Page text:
Newbie Mac Programmer Hints
People occasionally tell me that they want to learn how to program
the Mac and ask me where they should start. Well here's my list of
things to do, in no particular order:
- Read "Macintosh Human Interface Guidelines". This is the first
step for anyone attempting to program a Mac simply because it gets
you into the spirit of Macintosh.
- Discard old ideas. If you've programmed GUIs before this won't
be a problem, but if you've been a CLI programmer you will need to
completely rethink how your programs are written. There
is no stdout on the Mac, everything is event
driven, all your programs turn upside down.
- Read (new) "Inside Macintosh: Overview". A very good
introduction to general Mac applications.
- Investigate real high level languages. I've done a lot of Mac
programming in HyperCard and, while it's not fast and it limits
you HI, it certainly is a big productivity win. At the moment I'm
investigating FaceSpan as a replacement but there are lots of
other tools around, eg SmallTalk Agents and Prograph.
- If you insist on programming in a low-level language, use
Pascal (-: If you're not going to use Pascal, make sure you
understand the difference between C and Pascal calling conventions
and strings because they will haunt you throughout your
- If you intend to program in Pascal, C or Java, use the
- If you're working an a full blown Mac application, find and
use a class library. Keeping up with all the various aspects is
too hard for mere mortals these days. But if you're just working
on a simple utility, eschew the class library 'cause the learning
curves are pretty steep. If you program enough small utilities
you'll eventually generate your own libraries, possibly a better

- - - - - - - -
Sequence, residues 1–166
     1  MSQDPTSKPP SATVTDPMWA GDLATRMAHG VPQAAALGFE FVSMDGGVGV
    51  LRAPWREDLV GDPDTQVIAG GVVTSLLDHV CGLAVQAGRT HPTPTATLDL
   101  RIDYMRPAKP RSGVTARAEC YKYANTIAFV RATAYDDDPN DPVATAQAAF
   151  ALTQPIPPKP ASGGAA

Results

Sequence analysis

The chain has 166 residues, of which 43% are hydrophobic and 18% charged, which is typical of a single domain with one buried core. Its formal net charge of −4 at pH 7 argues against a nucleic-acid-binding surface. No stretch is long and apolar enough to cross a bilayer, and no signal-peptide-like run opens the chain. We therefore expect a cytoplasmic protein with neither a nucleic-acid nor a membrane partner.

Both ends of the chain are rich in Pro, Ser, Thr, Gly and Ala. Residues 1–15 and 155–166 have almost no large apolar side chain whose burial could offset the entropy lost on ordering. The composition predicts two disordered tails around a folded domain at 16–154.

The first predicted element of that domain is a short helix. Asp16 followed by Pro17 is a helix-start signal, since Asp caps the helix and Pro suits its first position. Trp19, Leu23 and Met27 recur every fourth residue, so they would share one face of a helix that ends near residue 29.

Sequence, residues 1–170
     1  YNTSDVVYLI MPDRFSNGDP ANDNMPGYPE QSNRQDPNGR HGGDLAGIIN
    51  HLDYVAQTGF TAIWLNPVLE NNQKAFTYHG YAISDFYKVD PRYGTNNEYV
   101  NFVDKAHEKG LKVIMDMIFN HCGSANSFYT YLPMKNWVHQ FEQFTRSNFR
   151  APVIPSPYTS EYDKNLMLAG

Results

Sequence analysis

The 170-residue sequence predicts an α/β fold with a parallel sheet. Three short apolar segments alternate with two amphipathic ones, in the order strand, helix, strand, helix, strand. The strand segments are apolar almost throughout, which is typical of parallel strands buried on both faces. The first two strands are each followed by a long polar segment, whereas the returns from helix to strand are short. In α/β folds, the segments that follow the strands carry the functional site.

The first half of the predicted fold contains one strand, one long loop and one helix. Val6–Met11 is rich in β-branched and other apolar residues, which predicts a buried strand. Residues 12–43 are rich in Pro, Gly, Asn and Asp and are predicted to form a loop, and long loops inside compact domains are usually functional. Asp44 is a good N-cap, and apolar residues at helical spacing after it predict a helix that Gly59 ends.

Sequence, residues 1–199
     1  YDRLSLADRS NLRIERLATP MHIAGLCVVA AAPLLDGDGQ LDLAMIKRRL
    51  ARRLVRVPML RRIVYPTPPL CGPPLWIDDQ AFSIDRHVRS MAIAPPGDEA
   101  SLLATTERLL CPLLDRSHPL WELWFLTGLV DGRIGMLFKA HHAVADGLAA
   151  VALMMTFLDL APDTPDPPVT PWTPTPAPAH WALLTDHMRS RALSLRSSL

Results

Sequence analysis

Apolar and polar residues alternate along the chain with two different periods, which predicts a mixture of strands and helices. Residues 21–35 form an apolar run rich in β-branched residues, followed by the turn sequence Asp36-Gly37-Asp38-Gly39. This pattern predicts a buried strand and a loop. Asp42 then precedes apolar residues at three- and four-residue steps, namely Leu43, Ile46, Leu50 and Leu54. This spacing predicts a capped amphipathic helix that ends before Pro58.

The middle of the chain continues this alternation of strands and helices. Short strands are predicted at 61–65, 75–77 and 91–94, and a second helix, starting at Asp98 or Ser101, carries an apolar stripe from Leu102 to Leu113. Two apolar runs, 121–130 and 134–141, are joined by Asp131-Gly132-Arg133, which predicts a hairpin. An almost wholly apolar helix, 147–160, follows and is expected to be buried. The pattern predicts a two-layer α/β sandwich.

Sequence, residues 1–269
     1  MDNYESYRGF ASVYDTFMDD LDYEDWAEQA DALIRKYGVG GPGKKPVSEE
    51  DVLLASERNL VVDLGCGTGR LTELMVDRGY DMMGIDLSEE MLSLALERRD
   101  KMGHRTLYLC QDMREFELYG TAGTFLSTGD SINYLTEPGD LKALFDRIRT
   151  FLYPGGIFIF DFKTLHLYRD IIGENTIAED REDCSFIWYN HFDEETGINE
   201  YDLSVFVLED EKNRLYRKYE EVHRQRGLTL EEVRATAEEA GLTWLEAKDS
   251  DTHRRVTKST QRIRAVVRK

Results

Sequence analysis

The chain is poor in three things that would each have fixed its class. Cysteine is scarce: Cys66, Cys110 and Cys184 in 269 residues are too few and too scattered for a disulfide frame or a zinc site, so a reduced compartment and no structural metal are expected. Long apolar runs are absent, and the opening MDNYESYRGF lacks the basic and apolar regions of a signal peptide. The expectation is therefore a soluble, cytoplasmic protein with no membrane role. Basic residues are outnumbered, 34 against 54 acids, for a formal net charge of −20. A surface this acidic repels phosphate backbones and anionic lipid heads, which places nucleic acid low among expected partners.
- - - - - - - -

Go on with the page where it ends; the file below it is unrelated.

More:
solution all around.
- Darko's Maxim: Set your ports and lock your handles.
- There is no point 9.
- Get a CD ROM drive and a copy of the following CD ROMs:
- Apple Developer CDs, which you get by joining one of the
programmes. At the lowest rate, this is relatively cheap
and the CDs are definitely worth it.
- Inside Macintosh CD, about $150 and saves your bookshelves
from undergoing gravitational collapse. While this was
published a few years ago -- and thus doesn't have all the
latest information -- it is a very cheap entry point and I
personally prefer the viewer on this CD (Apple DocViewer) to
the viewer on the Apple Developer CDs (Acrobloat).
- Apprentice CD ROM,
for it contains many useful source code examples that will
literally save you hours of work.
- Make use of new technologies. If you need to do complicated
I/O programming, use the Thread Manager 'cause it really does pay
off. If you're writing networking code, use Open Transport becasue
it's easier. Don't try to support System 6. If you're program
needs Colour QuickDraw, compile it for the '020 and above.
Many of these ideas are blatantly plagarised from Peter N Lewis'
FAQ entry on this subject. In
turn, many of the ideas on this page have been blatantly plagarised
by the Apple Developer Support
Macintosh Programming page, which is OK 'cause I helped write it.
20 Jul 1998